Loud Mechanical Noise – What Can I Do?

Noise, as you know, is a continuing hot topic. How much and what kind of noise should any owner be prepared to endure? What disclosures should be made? What makes a unit unmarketable because of required disclosures. Here is another question on that topic:

“There is a circulating pump on the roof that circulates hot water to the
whole building.  This pump sends a constant resonating sound down through the
walls into my unit which is quite noticeable at night.  After six-months of
calling the building management the board agreed to hire a consultant to come
out and make recommendations on how to isolate the sound.  Recommendations were
made and some were implemented with some improvement but still with noticeable
noise in the evenings in my bedroom.  I was advised that the The Board would not
implement the final recommendation because it was $3,500, I was the only one
complaining about the noise and I had signed a disclosure statement about
possible mechanical noise.  My friend who is a project manager for a large
California company feels this is an undisclosed latent defect that should be
addressed by the developer.  Despite the fact that I signed the disclosure
statement, this sound was not detectable until I had moved in and it was late in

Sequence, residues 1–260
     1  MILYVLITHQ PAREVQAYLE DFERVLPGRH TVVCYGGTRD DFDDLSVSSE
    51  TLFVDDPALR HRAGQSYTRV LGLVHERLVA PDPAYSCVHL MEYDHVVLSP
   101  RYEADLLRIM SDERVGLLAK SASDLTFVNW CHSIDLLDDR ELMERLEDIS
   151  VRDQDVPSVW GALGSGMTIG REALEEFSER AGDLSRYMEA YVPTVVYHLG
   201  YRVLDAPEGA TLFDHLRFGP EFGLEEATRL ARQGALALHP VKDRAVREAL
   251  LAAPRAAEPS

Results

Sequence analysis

the evening.  Additionally, I have communicated with two other people in my
building who have complained about mechanical noise and were also told that “no
one else has complained”.  Do I have any recourse against the HOA or the
Developer?”

I cannot say for sure yes or no to this question, but I can offer some reasoned response about the issue. If an owner signs a disclosure without making sure they fully understand the issue, it is a risk, because it makes it difficult to then successfully complain (with any legal force) about the situation. However, if full disclosure was not made, there may be a case. Since I have no information about what the exact wording of the disclosure was (don’t send it unless you want a paid consultation please), I do not know what the owner “accepted”.

One of my pet peeves is when a developer offers hard surface flooring such as hardwood or laminate flooring as an upgrade, charges an unsuspecting buyer extra money for the flooring upgrade, and then refuses to do anything about it when the legal issues start – downstairs neighbor’s complaining about upstairs noise, upstairs neighbors complaining about down stairs neighbors’ complaints, etc. It can be a real mess!

But if an owner approved noise without asking any questions, or taking pains to listen at various times of the day, well, then, what can I say, it might be a problem.

$3,500 does not sound like a huge expenditure if it makes a difference in the noise, minimizes the necessary disclosure and the effect on marketability. Whether you are the developer or the owner, wouldn’t it make more sense to spend the money on a solution rather than two attorneys fighting on your behalf and getting nowhere?

These are tough issues to litigate. This owner might get some relief in small claims court, but he or she will have to spend the money first, before asking to recover it.

Good luck!

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